What is high density lipoproteins (HDL)

High density lipoproteins on the other hand, are the smallest in size of all the lipoproteins and work in a similar way to low density lipoproteins but are move active particles as they transport ‘fat’ molecules out of the body. Increasing the amount of HDL is said to have a positive effect in reducing the chance of cardiovascular complications.

LDL is responsible for making fatty deposits within the arterial walls, causing the formation of a hard, thick plaque. Over time, this plaque causes the artery walls to thicken and harden. Moreover the artery walls become narrow, so that the blood flow to the vital organs is restricted and sometimes halted altogether. This disease process is better known as atherosclerosis.

The main cause of high cholesterol is the continual consumption of foods rich in saturated-fat. Furthermore, we add to our system by following an unhealthy lifestyle or through our genetic make-up which predisposes our bodies to make more cholesterol than required. High cholesterol can also be a result of diseases like disorders of the liver, kidney, diabetes and an under-active thyroid.

“Good” and “Bad” Cholesterol

“Good” and “Bad” cholesterol are terms often interchanged as they affect the body in different ways. The “good” cholesterol is medically known as high-density lipoprotein (HDL) while LDLs (low-density lipoprotein) are the “bad” cholesterol. It is more beneficial to have high levels of HDL as these take cholesterol back to the liver to be broken down and converted to waste products. High LDL levels, on the other hand, can contribute to heart and circulatory diseases. You can lower your LDL by exercising, eating a low-fat diet and taking prescription treatments to reduce high cholesterol.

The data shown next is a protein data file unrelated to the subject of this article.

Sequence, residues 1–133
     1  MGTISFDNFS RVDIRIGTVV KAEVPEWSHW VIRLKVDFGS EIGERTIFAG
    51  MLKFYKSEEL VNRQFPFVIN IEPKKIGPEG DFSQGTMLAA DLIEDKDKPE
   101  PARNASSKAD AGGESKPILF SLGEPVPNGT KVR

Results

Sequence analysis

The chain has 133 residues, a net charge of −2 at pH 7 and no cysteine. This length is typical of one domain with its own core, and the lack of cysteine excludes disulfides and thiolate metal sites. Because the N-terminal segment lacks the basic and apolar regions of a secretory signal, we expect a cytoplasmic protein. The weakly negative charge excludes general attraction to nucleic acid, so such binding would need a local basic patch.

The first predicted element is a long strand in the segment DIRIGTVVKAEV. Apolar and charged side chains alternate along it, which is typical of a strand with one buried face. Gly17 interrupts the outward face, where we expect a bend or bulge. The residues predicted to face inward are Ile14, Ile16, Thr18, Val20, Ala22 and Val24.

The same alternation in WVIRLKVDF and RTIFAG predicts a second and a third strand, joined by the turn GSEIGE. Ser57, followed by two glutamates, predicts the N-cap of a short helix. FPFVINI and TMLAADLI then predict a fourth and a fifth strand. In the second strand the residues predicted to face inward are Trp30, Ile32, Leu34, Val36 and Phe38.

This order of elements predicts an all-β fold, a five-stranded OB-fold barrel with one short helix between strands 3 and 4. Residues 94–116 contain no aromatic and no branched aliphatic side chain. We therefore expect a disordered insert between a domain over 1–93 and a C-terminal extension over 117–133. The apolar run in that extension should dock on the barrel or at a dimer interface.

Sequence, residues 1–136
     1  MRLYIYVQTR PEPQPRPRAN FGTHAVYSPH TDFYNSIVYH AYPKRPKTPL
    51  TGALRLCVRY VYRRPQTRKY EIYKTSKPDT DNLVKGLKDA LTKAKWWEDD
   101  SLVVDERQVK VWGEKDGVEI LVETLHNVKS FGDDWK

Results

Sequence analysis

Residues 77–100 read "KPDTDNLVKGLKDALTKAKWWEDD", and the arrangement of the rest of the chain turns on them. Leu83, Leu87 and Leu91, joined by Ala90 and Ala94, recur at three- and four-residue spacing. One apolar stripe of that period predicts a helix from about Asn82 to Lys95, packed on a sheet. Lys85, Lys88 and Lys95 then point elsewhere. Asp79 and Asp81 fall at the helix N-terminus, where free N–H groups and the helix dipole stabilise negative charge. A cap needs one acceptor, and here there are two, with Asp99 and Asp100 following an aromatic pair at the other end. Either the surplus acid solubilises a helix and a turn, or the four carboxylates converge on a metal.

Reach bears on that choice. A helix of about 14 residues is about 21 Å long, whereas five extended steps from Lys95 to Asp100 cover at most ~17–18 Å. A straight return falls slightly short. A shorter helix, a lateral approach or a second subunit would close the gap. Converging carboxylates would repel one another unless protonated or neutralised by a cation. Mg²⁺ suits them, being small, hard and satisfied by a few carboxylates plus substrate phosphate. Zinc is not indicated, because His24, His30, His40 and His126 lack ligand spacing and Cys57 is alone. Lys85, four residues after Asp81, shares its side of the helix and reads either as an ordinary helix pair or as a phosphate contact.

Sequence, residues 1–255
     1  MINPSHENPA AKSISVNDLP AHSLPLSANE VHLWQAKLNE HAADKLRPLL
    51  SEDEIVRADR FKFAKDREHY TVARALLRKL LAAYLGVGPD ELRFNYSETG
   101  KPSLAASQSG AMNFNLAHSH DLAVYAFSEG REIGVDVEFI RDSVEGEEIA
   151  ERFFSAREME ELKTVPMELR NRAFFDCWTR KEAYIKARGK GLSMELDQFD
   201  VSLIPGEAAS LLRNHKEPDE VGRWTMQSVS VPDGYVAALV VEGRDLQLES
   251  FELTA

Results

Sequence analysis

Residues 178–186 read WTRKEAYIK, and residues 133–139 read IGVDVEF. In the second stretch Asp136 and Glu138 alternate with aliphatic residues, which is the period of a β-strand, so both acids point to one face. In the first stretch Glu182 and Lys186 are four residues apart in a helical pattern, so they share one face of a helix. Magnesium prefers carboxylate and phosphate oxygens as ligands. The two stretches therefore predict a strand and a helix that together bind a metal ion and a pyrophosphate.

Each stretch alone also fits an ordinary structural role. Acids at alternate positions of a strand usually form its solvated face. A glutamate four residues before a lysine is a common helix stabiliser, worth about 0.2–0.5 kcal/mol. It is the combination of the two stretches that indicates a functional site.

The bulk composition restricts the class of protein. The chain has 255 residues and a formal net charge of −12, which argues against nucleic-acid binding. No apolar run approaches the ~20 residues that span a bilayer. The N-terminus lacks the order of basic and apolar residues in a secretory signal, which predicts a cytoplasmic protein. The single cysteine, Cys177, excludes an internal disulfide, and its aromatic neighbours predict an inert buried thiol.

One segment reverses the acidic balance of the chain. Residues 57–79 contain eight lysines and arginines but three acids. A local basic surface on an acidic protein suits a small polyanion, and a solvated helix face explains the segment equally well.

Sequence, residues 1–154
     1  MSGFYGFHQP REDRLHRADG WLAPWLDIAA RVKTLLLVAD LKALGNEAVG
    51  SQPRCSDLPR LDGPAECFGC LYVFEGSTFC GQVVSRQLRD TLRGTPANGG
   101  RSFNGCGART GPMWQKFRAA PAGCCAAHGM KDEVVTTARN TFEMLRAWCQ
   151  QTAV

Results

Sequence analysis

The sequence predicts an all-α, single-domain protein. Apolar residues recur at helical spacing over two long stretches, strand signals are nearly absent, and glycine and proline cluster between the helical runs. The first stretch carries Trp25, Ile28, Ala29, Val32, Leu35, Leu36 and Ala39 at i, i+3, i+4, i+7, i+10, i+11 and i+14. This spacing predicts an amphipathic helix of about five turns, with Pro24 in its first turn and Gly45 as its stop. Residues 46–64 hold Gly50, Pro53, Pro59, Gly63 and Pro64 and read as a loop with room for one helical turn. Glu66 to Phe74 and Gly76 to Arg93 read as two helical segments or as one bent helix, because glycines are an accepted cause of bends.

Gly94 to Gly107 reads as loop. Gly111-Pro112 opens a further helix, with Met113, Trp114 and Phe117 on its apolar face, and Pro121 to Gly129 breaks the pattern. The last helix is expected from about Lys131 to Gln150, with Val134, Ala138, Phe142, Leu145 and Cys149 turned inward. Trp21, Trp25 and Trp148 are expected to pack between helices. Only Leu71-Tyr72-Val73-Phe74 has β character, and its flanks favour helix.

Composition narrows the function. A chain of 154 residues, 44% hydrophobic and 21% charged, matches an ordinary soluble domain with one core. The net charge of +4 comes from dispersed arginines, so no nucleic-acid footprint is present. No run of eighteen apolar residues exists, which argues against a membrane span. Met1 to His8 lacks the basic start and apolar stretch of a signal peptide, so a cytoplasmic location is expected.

Guidelines for total cholesterol are:

  • Less than 200 mg/dL – desirable
  • 200-239 mg/dL – borderline high
  • 240 mg/dL or above – high cholesterol

For LDL, the guidelines are:

  • Below 70 mg/dL – optimal for people at very high risk of heart disease
  • Below 100 mg/dL – optimal for people at risk of heart disease
  • 100-129 mg/dL – near optimal
  • 130-159 mg/dL – borderline high
  • 160-189 mg/dL – high
  • 190 mg/dL and above – very high

For HDL, the guidelines are:

  • Below 40 mg/dL – poor
  • 40-59 mg/dL – better
  • 60 mg/dL and above – best

In the UK, the average total cholesterol level in men should be 5.5mmol/l and in women the acceptable healthy limit is 5.6mmol/l. Apart from cholesterol levels, elements and factors regarding individual cases, diet, exercise regimen, health history, family history, etc should also be taken into consideration.